Jumping Out of Airplanes

He reckoned the solution to reducing violence had to be economic.

In the beginning, he asked three gang members to join his salesforce at Untappd, starting with the three-month training process required of new hires. There was a cultural gap — the rest of the room was white millennial college grads, Taylor said — but the three men thrived in the course, all ending up in the top 50th percentile. 

So he expanded the idea, and that’s when TRU Colors was born — pivoting into the brewing process from the software side. He recognized he couldn’t hire every gang member in Wilmington, so he focused on recruiting gang leaders in hopes that would reduce the violence faster. When they accepted the position, they had to agree that there would be no violence during their two month training — an ask to see if it would work. “That was a big ask, because back then we were seeing one to two a week, the streets were really hot,” Taylor said.

During the bootcamp, and even for a while after, gang-related violence disappeared, Taylor said. The Wilmington Police Department would not confirm the data without a public records request, and a spokesman noted that any crime reducation involves effort from the entire community, including police, the faith-based institutions, nonprofits and businesses.

Taylor asks new hires to jump out of an airplane to complete their onboarding process. The goal is to reset his team’s brain of what they think is possible. “If you put people in really difficult and sometimes frightening situations and help them overcome that, it completely changes the way they think about their future,” he said.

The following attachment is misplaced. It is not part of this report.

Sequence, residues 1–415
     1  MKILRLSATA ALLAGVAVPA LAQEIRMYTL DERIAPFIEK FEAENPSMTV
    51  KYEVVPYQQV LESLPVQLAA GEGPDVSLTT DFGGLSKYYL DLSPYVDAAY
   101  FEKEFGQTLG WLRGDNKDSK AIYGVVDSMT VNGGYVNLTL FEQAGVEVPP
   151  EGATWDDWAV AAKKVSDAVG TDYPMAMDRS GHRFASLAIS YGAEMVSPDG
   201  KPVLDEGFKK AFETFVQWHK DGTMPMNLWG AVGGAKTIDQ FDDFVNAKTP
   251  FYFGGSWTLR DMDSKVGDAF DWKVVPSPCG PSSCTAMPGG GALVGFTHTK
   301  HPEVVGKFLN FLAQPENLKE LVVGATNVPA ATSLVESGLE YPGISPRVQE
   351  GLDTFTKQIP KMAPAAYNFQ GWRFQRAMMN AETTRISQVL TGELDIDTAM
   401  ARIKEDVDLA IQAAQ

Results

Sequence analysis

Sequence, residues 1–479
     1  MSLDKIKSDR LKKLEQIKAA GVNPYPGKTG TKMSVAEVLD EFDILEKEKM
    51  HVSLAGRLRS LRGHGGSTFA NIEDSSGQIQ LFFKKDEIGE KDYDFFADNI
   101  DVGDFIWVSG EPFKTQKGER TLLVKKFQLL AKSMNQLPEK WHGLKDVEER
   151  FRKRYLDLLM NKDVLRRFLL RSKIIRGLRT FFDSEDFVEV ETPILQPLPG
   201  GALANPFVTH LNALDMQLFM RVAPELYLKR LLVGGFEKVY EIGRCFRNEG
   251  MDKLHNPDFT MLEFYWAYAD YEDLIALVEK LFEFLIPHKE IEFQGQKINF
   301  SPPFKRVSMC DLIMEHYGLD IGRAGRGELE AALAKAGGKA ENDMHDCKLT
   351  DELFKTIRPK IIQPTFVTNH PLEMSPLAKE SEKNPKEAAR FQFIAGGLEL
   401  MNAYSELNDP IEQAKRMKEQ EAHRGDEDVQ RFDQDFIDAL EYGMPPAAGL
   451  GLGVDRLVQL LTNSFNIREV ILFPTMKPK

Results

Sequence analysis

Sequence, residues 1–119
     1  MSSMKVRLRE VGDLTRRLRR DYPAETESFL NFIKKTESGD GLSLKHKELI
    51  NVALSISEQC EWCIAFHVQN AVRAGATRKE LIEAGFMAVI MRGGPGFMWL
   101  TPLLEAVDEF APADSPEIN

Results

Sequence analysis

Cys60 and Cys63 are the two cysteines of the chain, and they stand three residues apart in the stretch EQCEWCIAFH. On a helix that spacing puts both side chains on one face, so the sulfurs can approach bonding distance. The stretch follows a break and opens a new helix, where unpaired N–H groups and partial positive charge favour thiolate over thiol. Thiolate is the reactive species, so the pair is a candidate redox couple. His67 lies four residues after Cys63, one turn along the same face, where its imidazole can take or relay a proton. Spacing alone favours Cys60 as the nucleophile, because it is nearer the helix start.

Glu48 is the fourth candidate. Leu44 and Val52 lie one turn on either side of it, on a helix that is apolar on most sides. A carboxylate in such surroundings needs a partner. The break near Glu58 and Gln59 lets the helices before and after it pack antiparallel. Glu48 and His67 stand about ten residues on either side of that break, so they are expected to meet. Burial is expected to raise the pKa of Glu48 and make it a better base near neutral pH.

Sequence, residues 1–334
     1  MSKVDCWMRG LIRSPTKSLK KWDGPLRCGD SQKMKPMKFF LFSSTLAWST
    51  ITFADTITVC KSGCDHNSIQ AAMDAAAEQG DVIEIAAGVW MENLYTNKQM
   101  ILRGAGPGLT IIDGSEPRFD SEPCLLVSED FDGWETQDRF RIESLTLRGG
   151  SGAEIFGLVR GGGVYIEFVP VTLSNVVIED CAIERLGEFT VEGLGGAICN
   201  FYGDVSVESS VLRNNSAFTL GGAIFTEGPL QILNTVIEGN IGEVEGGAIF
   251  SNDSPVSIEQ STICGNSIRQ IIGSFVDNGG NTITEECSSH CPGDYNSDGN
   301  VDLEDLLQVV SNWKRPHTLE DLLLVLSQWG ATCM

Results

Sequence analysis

“It’s not a perfect science,” Taylor said. “We’ve had three gang related shootings this year, which sucks. But it is much, much, much, much better than in the past where we’re seeing one or two a week.”

“If you’re doing anything that’s really very important in the world, and you’re making decisions around and moving forward, you’re gonna have haters,” Taylor said. “If you don’t have haters and you’re probably not trying very hard. It’s just sort of part of it.”

Lessons Learned

Form meaningful community relationships: TRU Colors began with outreach to gang leaders. These relationships and earned trust are the backbone of the business. 

Challenge your biases: Taylor learned about the complicated systems that harm low-income Americans and checked his stereotypes. “The more I learned, the more I realized,” he said.

Important work is high stakes: “It’s just a very real environment,” Taylor said. “In the software business, if we make a mistake, you know, we put out some buggy software. And that sucks, we hate it for our customers. But it’s not that hard to fix. In this world, if you make mistakes, somebody might get hurt, someone might get killed. It’s very serious.” 

This story and others on New Builders Dispatch are made possible by a sponsorship from the Ewing Marion Kauffman Foundation. The Ewing Marion Kauffman Foundation is a private, nonpartisan foundation that provides access to opportunities that help people achieve financial stability, upward mobility, and economic prosperity – regardless of race, gender, or geography. The Kansas City, Mo.-based foundation uses its grantmaking, research, programs, and initiatives to support the start and growth of new businesses, a more prepared workforce, and stronger communities. For more information, visit and connect with and